Evolution of the household vehicle fleet : anticipating fleet compostion, plug-in hybrid electric vehicle (PHEV) adoption and greenhouse gas (GHG) emissions in Austin, Texas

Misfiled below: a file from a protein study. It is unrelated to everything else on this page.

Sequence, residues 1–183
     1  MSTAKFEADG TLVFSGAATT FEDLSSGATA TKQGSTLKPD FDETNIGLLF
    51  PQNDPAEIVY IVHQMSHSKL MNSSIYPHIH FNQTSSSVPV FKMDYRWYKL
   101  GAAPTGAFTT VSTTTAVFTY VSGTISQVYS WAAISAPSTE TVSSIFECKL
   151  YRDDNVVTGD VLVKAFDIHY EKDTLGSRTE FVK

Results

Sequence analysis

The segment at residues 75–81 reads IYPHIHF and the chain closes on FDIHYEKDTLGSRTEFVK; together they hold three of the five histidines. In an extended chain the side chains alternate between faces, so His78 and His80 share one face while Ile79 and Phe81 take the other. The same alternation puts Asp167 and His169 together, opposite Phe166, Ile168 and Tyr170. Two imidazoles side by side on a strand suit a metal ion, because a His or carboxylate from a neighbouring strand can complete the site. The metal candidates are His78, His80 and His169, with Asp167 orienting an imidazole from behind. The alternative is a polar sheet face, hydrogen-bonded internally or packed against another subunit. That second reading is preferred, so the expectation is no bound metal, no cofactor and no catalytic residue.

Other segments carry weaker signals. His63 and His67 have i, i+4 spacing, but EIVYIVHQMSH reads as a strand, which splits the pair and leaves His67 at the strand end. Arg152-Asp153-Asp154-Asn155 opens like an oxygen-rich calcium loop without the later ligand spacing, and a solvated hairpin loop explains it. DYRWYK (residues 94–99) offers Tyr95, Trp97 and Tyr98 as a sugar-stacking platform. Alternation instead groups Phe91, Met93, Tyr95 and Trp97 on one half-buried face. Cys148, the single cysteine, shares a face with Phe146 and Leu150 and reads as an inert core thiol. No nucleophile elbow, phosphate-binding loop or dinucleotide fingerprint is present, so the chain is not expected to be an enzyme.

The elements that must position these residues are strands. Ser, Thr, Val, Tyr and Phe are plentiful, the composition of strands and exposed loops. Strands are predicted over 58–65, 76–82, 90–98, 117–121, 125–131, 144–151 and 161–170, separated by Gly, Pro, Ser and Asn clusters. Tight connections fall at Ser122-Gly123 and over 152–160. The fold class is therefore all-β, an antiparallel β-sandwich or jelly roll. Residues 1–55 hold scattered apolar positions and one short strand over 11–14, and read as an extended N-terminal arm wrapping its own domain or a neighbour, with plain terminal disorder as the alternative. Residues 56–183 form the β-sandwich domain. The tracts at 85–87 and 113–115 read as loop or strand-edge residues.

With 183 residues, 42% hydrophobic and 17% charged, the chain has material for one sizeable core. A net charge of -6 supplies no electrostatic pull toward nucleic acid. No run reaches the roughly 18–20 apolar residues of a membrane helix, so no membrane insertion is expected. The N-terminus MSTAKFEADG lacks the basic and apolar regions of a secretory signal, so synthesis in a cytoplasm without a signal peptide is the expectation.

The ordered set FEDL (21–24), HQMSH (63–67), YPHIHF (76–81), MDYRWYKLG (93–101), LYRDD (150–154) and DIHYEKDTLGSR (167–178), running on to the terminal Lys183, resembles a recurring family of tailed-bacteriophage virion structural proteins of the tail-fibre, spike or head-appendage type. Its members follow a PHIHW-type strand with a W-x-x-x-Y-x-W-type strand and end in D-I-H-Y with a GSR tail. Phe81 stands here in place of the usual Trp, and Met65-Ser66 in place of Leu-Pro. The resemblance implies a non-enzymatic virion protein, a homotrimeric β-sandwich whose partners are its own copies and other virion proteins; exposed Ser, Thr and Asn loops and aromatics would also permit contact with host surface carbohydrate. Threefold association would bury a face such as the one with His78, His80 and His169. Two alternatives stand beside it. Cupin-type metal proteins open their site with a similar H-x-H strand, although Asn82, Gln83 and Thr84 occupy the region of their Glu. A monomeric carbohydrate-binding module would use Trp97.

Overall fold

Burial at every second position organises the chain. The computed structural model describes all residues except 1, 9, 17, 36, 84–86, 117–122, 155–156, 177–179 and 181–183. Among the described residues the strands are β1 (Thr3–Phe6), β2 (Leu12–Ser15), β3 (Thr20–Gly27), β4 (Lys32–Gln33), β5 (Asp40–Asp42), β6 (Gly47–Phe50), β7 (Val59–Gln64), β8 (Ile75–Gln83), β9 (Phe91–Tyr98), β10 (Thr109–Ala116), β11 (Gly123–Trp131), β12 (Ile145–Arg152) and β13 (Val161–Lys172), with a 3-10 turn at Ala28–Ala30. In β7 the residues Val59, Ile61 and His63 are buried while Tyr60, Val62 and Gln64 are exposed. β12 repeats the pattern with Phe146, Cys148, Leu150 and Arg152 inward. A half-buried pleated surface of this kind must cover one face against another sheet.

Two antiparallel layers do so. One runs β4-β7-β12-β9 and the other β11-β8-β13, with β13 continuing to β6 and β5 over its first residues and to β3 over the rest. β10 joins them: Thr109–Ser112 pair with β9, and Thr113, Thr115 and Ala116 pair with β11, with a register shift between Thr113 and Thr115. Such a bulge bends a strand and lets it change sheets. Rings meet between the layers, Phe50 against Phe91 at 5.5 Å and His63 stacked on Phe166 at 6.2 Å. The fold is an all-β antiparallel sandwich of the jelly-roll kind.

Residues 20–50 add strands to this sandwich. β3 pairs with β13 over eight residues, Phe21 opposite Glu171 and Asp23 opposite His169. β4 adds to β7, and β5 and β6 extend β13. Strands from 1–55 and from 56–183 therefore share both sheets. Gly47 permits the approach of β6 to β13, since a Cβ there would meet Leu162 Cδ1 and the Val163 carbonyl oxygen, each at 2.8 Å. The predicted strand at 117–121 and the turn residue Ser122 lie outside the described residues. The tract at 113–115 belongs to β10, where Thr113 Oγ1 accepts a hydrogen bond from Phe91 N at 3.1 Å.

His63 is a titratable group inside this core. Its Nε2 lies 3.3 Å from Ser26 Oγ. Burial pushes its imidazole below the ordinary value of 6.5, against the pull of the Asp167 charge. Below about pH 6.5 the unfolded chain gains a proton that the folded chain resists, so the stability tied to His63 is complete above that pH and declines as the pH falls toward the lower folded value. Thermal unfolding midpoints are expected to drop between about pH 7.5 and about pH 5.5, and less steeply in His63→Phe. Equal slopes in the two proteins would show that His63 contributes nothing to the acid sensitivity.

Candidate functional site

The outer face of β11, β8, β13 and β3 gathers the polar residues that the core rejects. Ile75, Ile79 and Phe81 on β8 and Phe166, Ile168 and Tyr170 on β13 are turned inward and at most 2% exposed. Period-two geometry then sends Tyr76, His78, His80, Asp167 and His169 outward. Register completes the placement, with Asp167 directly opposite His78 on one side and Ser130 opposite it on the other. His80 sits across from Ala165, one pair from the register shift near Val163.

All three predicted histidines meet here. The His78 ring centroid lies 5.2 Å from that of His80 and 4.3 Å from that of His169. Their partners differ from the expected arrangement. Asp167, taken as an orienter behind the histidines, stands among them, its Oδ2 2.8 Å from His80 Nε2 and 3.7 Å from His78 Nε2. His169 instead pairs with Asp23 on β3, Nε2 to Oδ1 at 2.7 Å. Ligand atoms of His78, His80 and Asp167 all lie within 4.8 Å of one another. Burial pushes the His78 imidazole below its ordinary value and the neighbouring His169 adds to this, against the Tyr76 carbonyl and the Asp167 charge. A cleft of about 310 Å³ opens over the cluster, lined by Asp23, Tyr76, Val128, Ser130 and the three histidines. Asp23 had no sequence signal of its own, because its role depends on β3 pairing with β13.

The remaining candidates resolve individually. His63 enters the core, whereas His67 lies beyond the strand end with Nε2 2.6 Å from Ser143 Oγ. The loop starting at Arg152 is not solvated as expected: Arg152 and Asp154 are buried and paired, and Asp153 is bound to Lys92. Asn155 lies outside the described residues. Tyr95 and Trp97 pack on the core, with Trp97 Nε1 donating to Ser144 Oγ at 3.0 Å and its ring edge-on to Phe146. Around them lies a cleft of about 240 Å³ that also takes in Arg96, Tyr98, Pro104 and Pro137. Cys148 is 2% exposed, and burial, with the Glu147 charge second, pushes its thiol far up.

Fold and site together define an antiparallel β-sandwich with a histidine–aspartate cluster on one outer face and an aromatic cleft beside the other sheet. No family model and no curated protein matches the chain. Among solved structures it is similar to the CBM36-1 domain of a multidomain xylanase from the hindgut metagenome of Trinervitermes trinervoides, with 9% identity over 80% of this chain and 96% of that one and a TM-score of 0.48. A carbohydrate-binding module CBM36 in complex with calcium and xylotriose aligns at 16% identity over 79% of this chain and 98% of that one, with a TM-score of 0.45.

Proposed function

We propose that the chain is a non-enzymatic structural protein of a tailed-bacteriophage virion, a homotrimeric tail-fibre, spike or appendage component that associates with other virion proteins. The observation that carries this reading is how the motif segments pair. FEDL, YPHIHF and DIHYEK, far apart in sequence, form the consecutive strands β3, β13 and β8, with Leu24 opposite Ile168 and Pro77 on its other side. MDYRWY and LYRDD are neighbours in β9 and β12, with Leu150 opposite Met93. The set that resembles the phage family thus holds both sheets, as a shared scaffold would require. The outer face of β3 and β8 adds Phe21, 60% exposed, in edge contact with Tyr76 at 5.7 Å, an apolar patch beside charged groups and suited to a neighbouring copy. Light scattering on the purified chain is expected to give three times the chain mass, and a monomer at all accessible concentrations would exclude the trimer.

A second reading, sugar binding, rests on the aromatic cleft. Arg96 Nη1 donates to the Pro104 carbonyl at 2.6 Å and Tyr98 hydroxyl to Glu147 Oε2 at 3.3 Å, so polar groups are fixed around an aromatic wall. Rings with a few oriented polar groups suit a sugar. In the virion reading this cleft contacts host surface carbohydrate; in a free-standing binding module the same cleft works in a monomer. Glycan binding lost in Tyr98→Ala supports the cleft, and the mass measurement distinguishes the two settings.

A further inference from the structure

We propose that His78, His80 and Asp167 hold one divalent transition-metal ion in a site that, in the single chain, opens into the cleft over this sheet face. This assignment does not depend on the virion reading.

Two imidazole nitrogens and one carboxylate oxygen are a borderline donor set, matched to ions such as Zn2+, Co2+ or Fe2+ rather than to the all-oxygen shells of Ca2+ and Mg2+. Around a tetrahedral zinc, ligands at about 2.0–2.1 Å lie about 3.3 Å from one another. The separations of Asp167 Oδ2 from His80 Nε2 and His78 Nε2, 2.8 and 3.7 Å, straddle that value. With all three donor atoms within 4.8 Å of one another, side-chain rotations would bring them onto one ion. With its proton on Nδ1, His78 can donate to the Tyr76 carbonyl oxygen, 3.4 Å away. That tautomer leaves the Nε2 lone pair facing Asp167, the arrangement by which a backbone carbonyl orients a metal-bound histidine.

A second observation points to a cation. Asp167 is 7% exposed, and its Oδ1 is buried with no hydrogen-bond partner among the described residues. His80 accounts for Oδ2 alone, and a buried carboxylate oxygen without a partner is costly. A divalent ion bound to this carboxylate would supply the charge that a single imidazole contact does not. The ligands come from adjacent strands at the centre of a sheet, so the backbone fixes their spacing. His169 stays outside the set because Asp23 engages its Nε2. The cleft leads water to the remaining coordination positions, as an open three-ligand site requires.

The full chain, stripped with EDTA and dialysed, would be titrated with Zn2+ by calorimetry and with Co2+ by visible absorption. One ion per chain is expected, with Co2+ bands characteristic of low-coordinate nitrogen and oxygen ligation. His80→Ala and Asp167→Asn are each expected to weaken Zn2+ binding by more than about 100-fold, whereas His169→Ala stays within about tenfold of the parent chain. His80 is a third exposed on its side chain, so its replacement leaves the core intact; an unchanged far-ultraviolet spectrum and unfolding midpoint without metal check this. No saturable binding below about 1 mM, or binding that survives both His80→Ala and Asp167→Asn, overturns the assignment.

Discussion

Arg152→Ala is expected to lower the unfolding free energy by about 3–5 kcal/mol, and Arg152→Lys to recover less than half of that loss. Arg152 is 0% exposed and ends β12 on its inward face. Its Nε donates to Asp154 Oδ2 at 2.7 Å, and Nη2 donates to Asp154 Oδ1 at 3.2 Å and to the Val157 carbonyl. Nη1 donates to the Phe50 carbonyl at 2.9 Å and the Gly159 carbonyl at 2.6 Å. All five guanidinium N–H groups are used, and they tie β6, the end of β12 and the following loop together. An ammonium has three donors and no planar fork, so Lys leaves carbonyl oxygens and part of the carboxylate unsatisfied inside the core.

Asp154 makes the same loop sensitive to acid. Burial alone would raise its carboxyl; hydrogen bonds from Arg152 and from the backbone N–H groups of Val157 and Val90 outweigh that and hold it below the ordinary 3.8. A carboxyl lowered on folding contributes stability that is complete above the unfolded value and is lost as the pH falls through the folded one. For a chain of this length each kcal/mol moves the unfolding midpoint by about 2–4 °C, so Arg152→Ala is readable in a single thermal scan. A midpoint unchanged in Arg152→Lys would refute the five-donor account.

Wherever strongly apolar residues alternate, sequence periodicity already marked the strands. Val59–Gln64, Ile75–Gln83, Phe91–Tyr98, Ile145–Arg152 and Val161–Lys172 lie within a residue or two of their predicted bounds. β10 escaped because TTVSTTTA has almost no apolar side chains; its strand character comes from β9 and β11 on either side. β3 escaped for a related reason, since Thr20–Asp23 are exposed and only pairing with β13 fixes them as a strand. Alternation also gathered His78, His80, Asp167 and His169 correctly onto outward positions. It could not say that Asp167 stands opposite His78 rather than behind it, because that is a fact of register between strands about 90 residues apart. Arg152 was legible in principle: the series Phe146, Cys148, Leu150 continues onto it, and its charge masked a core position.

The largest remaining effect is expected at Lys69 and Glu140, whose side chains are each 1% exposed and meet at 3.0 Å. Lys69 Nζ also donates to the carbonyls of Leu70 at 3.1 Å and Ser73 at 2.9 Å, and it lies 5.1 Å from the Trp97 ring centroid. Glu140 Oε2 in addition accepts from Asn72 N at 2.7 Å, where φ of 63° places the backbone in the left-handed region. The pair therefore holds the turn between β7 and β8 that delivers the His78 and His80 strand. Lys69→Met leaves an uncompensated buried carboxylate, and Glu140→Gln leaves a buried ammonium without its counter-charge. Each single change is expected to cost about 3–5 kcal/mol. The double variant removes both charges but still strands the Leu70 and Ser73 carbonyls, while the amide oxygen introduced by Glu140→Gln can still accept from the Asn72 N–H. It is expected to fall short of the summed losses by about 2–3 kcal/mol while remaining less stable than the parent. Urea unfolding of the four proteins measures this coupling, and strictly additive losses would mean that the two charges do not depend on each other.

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In today’s world of volatile fuel prices and climate concerns, there is little study on the relation between vehicle ownership patterns and attitudes toward potential policies and vehicle technologies. This work provides new data on ownership decisions and owner preferences under various scenarios, coupled with calibrated models to microsimulate Austin’s household-fleet evolution. Results suggest that most Austinites (63%, population-corrected share) support a feebate policy to favor more fuel efficient vehicles. Top purchase criteria are vehicle purchase price, type/class, and fuel economy (with 30%, 21% and 19% of respondents placing these in their top three). Most (56%) respondents also indicated that they would seriously consider purchasing a Plug-In Hybrid Electric Vehicle (PHEV) if it were to cost $6,000 more than its conventional, gasoline-powered counterpart. And many respond strongly to signals on the external (health and climate) costs of a vehicle’s emissions, more strongly than they respond to information on fuel cost savings. 25-year simulations suggest that 19% of Austin’s vehicle fleet could be comprised of Hybrid Electric Vehicles (HEVs) and PHEVs under adoption of a feebate policy (along with PHEV availability in Year 1 of the simulation, and current gas prices throughout). Under all scenarios vehicle usage levels (in total vehicle miles traveled [VMT]) are predicted to increase overall, along with average vehicle ownership levels (per household, and per capita); and a feebate policy is predicted to raise total regional VMT slightly (just 4.43 percent, by simulation year 25), relative to the trend scenario, while reducing CO2 emissions only slightly (by 3.8 percent, relative to trend). Doubling the trend-case gas price to $5/gallon is simulated to reduce the year-25 vehicle use levels by 17% and CO2 emissions by 22% (relative to trend). Two- and three-vehicle households are simulated to be the highest adopters of HEVs and PHEVs across all scenarios. And HEVs, PHEVs and Smart Cars are estimated to represent a major share of the fleet’s VMT (25%) by year 25 under the feebate scenario. The combined share of vans, pickup trucks, sport utility vehicles (SUVs), and cross over utility vehicles (CUVs) is lowest under the feebate scenario, at 35% (versus 47% in Austin’s current household fleet), yet feebate-policy receipts exceed rebates in each simulation year. A 15% reduction in the usage levels of SUVs, CUVs and minivans is observed in the $5/gallon scenario (relative to trend). Mean use levels per vehicle of HEVs and PHEVs are simulated to have a variation of 753 and 495 across scenarios. In the longer term, gas price dynamics, tax incentives, feebates and purchase prices along with new technologies, government-industry partnerships, and more accurate information on range and recharging times (which increase customer confidence in EV technologies) should have even more significant effects on energy dependence and greenhouse gas emissions.
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